President Vaclav Klaus has met his Slovak counterpart Ivan Gasparovic who is on a one day visit to the Czech Republic. The Slovak head of state, who took office last month, is thus fulfilling an unwritten agreement between the Czech Republic and Slovakia in that their presidents always schedule their first visit abroad to the former "sister state". After their meeting the two presidents said that relations between the two countries were exceptional and were to remain so. The Czechoslovak federation broke up in 1993 in what the papers described as "a velvet divorce" and the two countries have maintained above-standard relations ever since. They supported each other in their ambition to join the EU and NATO and they cooperate closely within the Visegrad Group of four Central European states.
The heads of the Social Democrats, the Christian Democrats and the Freedom Union are due to meet on Tuesday. It will be their first meeting since President Vaclav Klaus asked the acting leader of the Social Democrats, Stanislav Gross, to begin talks on forming a new government earlier this month following the resignation of Prime Minister Vladimir Spidla. The vice-chairman of the Social Democrats, Zdenek Skromach, has said Tuesday's meeting will be the first of a series this week. The most likely scenario appears to be that the new cabinet will arise from the current coalition which has a slim majority of 101 seats in the 200-member lower house of parliament. Mr Skromach said that the vote of confidence in the new government could take place in mid-August.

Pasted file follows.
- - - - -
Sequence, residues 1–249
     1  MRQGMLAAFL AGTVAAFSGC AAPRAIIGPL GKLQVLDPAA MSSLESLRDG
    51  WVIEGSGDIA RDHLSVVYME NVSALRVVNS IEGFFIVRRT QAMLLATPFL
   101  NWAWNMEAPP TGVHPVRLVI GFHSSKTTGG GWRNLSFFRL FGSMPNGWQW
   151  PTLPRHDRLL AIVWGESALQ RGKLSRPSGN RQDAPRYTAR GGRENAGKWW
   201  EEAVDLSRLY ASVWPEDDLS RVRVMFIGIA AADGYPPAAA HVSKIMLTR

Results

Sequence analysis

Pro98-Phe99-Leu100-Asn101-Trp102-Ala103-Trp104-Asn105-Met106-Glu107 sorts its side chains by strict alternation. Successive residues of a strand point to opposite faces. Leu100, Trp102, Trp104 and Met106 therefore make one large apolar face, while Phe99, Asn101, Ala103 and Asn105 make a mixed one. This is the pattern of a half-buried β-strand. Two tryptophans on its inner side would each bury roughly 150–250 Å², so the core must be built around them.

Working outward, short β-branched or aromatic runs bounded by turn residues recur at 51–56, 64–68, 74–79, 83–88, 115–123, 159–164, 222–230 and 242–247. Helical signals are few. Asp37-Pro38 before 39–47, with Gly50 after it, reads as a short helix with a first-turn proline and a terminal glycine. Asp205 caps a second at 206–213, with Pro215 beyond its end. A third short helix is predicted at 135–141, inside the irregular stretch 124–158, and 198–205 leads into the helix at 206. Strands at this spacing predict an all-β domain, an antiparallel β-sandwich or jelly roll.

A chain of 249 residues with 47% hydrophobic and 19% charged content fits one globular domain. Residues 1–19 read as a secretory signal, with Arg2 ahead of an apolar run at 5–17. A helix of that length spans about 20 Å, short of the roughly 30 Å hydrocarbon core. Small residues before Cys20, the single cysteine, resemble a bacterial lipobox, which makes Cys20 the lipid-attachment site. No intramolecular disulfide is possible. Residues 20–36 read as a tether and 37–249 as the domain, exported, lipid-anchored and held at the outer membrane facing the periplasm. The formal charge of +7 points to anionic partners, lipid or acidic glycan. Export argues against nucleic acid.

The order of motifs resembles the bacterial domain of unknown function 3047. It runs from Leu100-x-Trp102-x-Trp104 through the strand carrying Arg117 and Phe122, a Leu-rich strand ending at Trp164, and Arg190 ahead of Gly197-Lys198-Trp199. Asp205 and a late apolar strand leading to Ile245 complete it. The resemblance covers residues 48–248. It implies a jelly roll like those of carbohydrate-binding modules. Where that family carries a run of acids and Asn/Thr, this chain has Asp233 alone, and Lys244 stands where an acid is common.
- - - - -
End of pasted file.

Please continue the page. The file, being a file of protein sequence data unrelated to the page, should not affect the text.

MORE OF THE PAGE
One miner was killed at the Doubrava Mine in the district of Karvina on Monday after a part of the coal mine caved in. Five other miners managed to escape when the site collapsed around 6:00 am on Monday. The miners who escaped suffered only minor injuries. A spokeswomen for the mining company said the collapse was unusually strong, and was even felt by people on the surface. All of the miners who were working at the site of the collapse were Czech citizens. Seven workers were killed at the mine in March this year after they were buried under rubble set loose by a strong tremor.
Consumer prices in the Czech Republic in June showed the highest year-on-year growth in more than two years, rising by 2.9 percent compared with June 2003, according to official figures released on Monday. The price of goods and services was up in most sectors, largely influenced by a rise in value added taxes earlier this year from five to 19 percent. Cigarette and alcohol prices rose particularly in June. For the first few months after January's VAT hike retailers had been selling old stock at the same price as before but a 7.5 percent rise on new stock kicked in last month. The overall rise in prices, the highest since April 2002, was slightly below analysts' forecasts of three percent. Compared to May, consumer prices rose by 0.2 percent in June, also slightly below predictions of 0.3 percent.
Unemployment in the Czech Republic remained flat at 9.9 percent of the workforce in June, the Czech Ministry of Labour and Social Affairs said on Monday. Most analysts had predicted a slight rise compared to May to 10 percent. Economists attribute the flat rate to a fall in the number of school leavers this year and the availability of seasonal work.
Tuesday should be partly cloudy with occasional rain. Daytime temperatures should range from 18 to 21 degrees Celsius.
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